Caught out

“The coalheavers of Liverpool are on strike, miners in Scotland are tendenng their notices, the engineers in Grimsby are asking for a rise of three shillings. The movement is traversing the whole country and affecting every trade. That is inevitable, for the whip which is lashing them on is falling on the shoulders of all workers. It is the whip of high prices, and what is being demanded or fought for is not greater material prosperity by the workers, but a restoration of the standard of life which was labour’s before the war.” (“Daily News and Leader,” 3.3.15.)

“There is an unprecedented redistribution of wealth in operation. The working classes are receiving money in a measure without parallel. The more that money is saved the more will be the resources of the State, and we hope that Mr. McKenna will, as we have suggested in the past, take steps to make thrift on the part of the working classes easier.” (”Daily News and Leader,” 13.6.I5)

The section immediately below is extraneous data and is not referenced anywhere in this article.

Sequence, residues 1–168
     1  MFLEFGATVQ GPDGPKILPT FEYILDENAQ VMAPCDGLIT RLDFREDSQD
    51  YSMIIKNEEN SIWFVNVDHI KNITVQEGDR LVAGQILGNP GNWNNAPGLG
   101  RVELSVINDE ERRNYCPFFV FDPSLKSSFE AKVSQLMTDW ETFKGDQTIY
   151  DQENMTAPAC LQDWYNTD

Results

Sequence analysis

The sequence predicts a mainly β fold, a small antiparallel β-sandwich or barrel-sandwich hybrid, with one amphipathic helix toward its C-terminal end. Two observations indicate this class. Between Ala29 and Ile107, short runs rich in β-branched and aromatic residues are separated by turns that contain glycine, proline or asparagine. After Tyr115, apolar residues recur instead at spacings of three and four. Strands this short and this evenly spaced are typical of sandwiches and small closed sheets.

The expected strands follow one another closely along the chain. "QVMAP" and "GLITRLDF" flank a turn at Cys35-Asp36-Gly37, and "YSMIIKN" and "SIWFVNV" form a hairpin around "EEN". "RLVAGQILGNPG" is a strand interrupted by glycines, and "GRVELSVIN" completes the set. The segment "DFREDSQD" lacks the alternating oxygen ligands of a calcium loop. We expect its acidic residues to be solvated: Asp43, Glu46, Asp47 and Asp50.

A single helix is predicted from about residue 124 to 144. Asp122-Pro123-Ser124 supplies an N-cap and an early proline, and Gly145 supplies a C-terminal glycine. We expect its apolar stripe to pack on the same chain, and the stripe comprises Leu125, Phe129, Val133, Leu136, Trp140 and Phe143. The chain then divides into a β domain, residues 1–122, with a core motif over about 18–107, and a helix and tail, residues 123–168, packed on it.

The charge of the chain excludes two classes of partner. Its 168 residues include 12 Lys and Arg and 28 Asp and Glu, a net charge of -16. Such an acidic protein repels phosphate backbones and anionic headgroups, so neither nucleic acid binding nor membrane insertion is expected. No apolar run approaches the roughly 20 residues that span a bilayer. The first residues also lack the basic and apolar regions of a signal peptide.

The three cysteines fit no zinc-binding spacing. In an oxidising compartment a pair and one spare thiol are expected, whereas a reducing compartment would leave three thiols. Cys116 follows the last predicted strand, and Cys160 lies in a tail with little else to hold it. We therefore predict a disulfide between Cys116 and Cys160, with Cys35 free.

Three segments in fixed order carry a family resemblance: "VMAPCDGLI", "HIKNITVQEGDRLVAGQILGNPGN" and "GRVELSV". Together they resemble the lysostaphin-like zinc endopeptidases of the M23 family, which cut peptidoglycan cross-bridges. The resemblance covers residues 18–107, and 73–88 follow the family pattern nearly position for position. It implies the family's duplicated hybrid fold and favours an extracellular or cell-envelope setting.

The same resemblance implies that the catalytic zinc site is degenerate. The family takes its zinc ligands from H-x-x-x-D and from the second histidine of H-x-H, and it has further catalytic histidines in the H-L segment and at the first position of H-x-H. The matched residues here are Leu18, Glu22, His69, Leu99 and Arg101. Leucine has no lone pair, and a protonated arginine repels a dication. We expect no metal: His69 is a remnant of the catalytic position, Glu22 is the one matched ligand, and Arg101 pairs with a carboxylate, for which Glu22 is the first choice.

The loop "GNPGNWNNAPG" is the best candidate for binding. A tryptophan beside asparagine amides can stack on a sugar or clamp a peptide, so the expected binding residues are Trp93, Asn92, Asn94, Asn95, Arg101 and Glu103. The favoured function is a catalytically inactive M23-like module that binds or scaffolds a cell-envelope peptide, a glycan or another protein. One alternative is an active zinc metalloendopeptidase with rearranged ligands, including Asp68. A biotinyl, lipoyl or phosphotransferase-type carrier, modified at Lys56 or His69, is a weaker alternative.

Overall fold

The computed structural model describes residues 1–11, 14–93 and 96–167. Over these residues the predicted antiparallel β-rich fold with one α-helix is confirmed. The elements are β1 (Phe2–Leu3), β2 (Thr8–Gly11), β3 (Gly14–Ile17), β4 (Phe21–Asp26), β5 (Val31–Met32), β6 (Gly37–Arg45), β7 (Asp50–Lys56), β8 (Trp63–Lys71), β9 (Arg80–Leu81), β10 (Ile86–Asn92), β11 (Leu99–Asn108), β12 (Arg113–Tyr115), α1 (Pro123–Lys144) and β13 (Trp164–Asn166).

Unless the “Daily News” can prove that there has been an unprecedented reduction in the price of necessaries, or that there has been an unparalleled rise in wages during the period that elapsed between the above two dates, those responsible for the leading articles of that paper have inadvertently contradicted themselves.—Liars need good memories.

F. F.

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